The English Public House As It Is, a book by social observer Ernest Selley, was published in 1927. Re-reading it in search of a reference, we spotted a passage that hadn’t previously grabbed our attention.

In it, Selley reports on his visit to The Fellowship Inn, Bellingham, South London (pictured above when we visited in August), where he met someone who was unimpressed with the new style of ‘improved public house’:

Evidently this man is a member of what I once heard described as ‘The Flea and Sawdust School’; one of the type which prefers the stuffy ‘coziness’ of the dirty, ill-ventilated taproom to any of the ‘new fangled’ ideas.

Some ancestor of The Pub Curmudgeon, perhaps? (That’s not us having a go: we suspect he’ll quite like the comparison.)

It’s interesting to us that this lobby, which we associate with a certain wing within CAMRA today, was sufficiently well-developed by the mid-1920s for Selley to say he had ‘met several of these critics’, and for it to deserve a nickname. It was clearly, as they say, ‘a thing’.

The Fellowship Inn when it was new.
The Fellowship Inn in c.1920s. SOURCE: Inside Housing.

Also of note, in the section that immediately follows, is an account of early beer snobbery: Selley records a meeting with a bloke who won’t drink at the local improved pub because ‘the beer is rotten’. Selley says he tried it and found it anything but ‘rotten’. In his view the man was prejudiced because he resented the posher, more expensive pub, even though Selley was sure he would have enjoyed the very same beer served at the more down-to-earth ‘Pig and Whistle’. We can’t say for sure what was really going on — Selley was prejudiced too in his own way, in favour of improved pubs — but this kind of debate about value, quality, and the qualities of a ‘proper pub’ is certainly still going on 90 years later.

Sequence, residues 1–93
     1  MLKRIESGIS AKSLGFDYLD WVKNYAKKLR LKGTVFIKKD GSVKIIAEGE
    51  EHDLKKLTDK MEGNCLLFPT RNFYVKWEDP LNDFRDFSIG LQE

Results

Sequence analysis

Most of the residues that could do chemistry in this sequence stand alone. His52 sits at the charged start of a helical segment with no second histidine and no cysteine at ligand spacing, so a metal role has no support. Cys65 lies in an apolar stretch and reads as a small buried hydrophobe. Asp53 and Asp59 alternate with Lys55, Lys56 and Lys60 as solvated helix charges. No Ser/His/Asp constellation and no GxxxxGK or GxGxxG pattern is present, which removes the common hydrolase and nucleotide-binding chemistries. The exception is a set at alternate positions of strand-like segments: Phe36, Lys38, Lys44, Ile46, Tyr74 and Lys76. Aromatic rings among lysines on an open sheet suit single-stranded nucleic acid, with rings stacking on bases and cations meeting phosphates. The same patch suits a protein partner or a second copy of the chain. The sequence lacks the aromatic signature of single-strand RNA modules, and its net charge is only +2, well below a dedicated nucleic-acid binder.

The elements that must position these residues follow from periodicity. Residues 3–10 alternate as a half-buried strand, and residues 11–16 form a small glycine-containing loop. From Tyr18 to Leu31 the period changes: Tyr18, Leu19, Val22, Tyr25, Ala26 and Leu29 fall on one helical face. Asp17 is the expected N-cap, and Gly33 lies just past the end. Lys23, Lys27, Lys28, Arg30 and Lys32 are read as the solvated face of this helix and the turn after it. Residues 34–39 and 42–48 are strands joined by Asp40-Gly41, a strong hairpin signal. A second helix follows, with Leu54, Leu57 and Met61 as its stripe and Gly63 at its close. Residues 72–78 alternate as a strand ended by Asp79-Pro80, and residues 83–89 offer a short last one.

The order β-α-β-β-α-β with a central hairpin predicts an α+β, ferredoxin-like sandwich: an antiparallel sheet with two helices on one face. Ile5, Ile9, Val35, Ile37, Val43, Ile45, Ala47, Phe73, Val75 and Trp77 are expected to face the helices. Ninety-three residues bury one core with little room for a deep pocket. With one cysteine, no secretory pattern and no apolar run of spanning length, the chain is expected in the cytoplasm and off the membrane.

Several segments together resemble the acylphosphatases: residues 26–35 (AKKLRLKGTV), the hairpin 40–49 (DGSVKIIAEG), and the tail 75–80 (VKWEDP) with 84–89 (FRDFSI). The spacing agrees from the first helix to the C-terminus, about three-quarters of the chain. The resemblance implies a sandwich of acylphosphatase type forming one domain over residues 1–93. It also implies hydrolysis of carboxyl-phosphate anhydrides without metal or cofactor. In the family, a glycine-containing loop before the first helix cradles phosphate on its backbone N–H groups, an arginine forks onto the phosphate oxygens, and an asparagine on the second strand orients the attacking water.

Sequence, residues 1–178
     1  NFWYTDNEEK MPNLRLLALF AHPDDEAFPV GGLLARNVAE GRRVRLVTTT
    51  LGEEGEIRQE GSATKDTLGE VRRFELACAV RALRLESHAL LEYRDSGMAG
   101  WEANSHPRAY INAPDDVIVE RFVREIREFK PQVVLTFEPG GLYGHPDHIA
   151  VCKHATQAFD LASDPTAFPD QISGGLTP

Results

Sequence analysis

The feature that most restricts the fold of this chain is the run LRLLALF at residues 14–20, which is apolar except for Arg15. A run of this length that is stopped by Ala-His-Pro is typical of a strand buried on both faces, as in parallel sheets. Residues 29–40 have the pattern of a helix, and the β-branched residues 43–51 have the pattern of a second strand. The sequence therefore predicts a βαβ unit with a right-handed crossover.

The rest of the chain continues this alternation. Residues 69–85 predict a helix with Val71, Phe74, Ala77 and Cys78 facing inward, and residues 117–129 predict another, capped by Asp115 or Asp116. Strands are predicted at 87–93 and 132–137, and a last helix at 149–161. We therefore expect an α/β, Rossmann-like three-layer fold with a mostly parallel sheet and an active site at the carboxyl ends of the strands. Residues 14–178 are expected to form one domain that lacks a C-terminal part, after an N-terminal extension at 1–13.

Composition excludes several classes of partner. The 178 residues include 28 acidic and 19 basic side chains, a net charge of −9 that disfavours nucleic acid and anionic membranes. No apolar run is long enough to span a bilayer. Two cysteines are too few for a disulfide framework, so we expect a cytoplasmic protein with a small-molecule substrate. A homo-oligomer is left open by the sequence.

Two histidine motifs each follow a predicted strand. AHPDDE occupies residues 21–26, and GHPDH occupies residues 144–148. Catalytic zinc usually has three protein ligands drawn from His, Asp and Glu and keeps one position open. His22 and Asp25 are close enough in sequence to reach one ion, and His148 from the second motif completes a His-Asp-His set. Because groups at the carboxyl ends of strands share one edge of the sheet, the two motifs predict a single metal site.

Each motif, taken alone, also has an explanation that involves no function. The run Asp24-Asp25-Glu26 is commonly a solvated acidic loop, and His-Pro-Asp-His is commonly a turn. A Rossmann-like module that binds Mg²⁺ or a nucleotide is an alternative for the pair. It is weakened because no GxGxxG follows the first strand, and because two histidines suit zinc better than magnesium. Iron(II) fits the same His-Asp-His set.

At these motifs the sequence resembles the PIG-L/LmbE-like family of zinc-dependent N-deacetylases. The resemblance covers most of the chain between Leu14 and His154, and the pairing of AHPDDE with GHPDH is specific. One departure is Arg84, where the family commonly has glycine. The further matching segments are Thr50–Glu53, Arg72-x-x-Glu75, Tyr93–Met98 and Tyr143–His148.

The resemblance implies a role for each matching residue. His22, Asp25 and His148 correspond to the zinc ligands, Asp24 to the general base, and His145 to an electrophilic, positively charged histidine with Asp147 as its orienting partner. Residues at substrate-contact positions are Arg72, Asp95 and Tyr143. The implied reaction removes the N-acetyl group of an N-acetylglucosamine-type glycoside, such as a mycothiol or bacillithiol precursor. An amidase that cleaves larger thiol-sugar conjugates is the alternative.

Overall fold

3 Comments

  1. Haha, I immediately drew the connection on seeing the headline before reading the rest of the post ????
    The thing is, though, that the drinking public never took the “improved” pubs to their heart. In my blogpost on the subject (inspired by yourselves), I quoted from John Moore in Portrait of Elmbury:
    “…the majority of the population, it seems, likes the little pubs also, and people from the cities drive twenty miles on Sunday morning to crowd us out of our local because they hate the big roadhouses too. A pub, after all, is not just a place for convenient drinking; if it were these modern palaces with their ceaseless fountains of beer would serve the purpose very well. But a pub is primarily a meeting-place for friends; where friends as well as drinking may talk, argue, play game, or just sit and think according to their mood.”

  2. Ah, well, we’ve got quite a bit more to say about that as part of the Big Project. Short version: they weren’t as unpopular as their critics liked to suggest, but they weren’t perfect either.

  3. I think tradition and modernity go in waves. The 60s to the 70s, represented a big switch from modernity to tradition, coinciding of course with the rise of CAMRA.
    We’re currently very much in a modernity phase, but things will turn around in the fullness of time.

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